Metadata Automation: The Current Landscape and Future Developments

  • Marlee Graser Southern Illinois University Edwardsville
  • Melissa Burel Alabama A&M University
Keywords: automation, metadata, metadata workflows, library profession, Automatic Image Annotation (AIA)


As a profession, librarians are already seeing the ways in which automation is challenging traditional methods of cataloging and raising questions about the future of manual cataloging work. Workflows for metadata creation—from the most basic to those involving data scraping, harvesting from APIs, and data migration and manipulation—indicate a shift from a cataloger’s traditional role of metadata creation to technologically-oriented metadata harvesting and management. Additional new technologies, like deep learning computation, are beginning to address the call for automated metadata creation for visual resources, reinforcing this shift and creating new opportunities for innovative workflows and description. New technologies have the potential to profoundly impact the ways that libraries ready themselves and their data for the semantic-web environment and redefine cataloging work moving forward. Will these further automation advances really change the role of the metadata librarian? This article argues that the continued escalation of automation and linked data in the semantic web will only be a continuation of metadata librarians’ current technological skills and commitment to data quality control.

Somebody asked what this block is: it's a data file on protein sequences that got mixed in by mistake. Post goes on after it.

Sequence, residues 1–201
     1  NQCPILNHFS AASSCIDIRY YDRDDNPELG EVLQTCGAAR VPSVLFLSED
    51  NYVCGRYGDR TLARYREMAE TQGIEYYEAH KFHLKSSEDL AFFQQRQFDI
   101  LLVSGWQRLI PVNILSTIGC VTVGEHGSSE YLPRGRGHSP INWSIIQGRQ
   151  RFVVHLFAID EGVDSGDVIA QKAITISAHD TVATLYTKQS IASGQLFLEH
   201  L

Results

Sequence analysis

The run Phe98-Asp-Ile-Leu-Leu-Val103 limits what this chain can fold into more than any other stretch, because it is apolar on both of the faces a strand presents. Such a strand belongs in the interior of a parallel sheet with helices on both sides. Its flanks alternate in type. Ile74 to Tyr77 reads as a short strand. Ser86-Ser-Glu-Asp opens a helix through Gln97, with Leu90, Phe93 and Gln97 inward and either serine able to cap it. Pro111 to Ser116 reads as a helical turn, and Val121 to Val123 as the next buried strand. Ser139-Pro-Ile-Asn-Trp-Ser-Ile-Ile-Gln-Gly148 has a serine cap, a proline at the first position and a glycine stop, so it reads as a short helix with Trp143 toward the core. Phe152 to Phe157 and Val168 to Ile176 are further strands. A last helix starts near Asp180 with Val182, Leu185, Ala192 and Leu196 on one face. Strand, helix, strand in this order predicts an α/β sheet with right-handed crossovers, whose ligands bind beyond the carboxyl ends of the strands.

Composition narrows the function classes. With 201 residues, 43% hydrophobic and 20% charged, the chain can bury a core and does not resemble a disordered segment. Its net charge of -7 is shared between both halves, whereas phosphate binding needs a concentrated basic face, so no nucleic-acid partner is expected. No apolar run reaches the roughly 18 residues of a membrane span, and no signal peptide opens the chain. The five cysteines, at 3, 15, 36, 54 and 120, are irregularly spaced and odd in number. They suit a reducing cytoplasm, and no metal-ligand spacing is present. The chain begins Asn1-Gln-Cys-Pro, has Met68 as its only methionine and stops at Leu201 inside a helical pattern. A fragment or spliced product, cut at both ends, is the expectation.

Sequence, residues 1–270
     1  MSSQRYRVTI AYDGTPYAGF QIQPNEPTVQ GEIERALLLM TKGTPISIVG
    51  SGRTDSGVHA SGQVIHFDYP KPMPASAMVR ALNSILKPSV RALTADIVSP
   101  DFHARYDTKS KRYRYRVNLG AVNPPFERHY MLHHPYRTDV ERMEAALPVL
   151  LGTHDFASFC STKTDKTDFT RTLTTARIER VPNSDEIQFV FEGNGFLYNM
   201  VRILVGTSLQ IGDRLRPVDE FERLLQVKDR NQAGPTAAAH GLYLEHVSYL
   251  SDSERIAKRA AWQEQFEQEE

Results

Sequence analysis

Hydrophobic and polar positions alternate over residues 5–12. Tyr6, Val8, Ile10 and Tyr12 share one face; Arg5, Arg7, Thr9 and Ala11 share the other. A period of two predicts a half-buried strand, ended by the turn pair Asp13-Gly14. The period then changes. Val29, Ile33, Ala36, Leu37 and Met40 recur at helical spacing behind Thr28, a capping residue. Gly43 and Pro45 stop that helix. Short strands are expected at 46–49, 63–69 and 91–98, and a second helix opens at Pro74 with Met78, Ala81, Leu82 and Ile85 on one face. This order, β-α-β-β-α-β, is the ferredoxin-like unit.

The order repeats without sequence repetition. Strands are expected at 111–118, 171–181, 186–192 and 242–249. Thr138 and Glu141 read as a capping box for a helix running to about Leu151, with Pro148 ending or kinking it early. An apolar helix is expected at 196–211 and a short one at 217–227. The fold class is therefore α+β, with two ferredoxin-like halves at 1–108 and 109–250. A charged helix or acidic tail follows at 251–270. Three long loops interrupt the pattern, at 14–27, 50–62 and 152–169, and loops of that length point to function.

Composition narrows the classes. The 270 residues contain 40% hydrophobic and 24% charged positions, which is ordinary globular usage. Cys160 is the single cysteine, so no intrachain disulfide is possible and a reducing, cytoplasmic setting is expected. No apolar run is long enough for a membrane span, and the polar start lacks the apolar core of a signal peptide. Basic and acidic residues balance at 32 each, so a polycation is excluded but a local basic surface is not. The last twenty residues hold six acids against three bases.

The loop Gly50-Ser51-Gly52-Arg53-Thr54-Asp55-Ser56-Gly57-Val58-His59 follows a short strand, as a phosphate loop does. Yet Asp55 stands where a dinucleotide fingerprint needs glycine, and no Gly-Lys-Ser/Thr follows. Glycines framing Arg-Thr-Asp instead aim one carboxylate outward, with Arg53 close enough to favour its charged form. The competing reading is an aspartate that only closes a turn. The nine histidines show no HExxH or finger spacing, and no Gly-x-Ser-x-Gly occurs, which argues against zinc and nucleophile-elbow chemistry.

Author Biographies

Marlee Graser, Southern Illinois University Edwardsville

Marlee Graser received her MSLIS from the University of Illinois-Champaign-Urbana in 2014. She is currently serving as the Metadata Librarian at Southern Illinois University in Edwardsville where she enjoys researching ways to enhance the library's role as a nexus of learning and develop the library as a service center for students, faculty, and the community.

Melissa Burel, Alabama A&M University

Melissa Burel is the Metadata Cataloging Librarian at Alabama A&M University. She received her MLIS in 2012 from Wayne State University and her MM in 2008 from Western Michigan University. Her professional interests include user-needs assessment, data analysis, and the organization of information.